Generally, in the periodic table, Hydrogen does not have a fixed position. In a few tables, it is placed with alkali metals (which is above Sodium), and in few others, it is lonely placed at the top (Randomly, Just above the first Period).
Hydrogen resembles the alkali metals in electronic configuration. Hydrogen atoms contain the e-configuration 1s1, and it is the first element to be placed according to the rule. It is also placed with the alkali metals because it can lose its one e- to form H+ simply such as the alkali metals. Whereas hydrogen atoms also resemble halogens. Alkali metals produce hydrides such as LiH and Nah, just similar to LiCl and NaCl. The electrolysis of hydrides produces H2, and the Electrolysis of NaCl yields Cl2. In addition, hydrogen can gain one electron, such as halogens, to produce a noble gas configuration (which is H-).
Because of its resemblance to halogens and alkali metals, its position is still not fixed. But conventionally, we keep it including the alkali metals.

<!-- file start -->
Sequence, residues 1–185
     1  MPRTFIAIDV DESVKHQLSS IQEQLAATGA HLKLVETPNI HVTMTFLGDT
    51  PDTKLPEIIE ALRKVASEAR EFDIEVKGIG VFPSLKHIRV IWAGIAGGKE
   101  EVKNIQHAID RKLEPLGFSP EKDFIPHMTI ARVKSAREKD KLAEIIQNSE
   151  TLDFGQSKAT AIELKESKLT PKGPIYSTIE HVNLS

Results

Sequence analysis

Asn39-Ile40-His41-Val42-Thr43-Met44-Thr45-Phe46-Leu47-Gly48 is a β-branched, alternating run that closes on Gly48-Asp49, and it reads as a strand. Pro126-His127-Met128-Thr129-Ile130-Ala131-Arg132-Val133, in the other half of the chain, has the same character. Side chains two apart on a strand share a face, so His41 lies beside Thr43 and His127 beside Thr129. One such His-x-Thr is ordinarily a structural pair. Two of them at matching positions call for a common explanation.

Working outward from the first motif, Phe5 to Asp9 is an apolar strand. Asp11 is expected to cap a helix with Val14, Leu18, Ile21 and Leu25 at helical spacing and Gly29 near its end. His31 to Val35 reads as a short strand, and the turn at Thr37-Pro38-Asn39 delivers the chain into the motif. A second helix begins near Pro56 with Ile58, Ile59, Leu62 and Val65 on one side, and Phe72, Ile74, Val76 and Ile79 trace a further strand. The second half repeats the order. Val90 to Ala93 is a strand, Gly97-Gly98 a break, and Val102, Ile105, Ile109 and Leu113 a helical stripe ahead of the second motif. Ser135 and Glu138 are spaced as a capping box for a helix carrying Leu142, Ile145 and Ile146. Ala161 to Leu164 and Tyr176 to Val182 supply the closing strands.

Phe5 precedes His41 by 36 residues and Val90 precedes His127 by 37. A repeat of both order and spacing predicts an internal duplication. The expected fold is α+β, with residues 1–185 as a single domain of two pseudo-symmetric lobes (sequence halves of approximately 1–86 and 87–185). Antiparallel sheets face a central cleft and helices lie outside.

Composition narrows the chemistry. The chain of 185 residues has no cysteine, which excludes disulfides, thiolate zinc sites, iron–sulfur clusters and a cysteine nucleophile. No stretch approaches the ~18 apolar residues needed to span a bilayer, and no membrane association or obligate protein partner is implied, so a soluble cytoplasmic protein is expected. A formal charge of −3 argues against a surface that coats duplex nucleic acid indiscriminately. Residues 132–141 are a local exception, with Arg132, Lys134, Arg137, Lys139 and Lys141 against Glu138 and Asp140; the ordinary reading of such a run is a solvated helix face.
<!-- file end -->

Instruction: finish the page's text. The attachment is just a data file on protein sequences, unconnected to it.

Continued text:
Hydrogen holds one valence electron in its outermost shell, and therefore it contains similar chemical properties compared to alkali metals. Also, hydrogen exists as a diatomic molecule similar to halogens and produces compounds with both metals and nonmetals. Thus, the hydrogen molecule can be placed in both the 1st as well as the 17th group in the modern periodic table. This anomaly with the position of hydrogen was one of the biggest demerits of Mendeleev's periodic table.
However, considering the modern periodic table, the hydrogen molecule has been awarded the top position, which neither belongs to group 1 nor group 17.
Up to plutonium (having an atomic number of 94), all the periodic table elements are present on Earth, although many of them (namely promethium, technetium, polonium, francium, astatine, protactinium, plutonium, and neptunium) take place simply in tiny amounts, typically as the by-products of other’s radioactive decay. Their amounts are very tiny, up to a recent past, where those elements were given as not occurring naturally on Earth. As per the atomic numbers, which are higher than 94, all of the corresponding elements are artificial, and they do not occur naturally on Earth.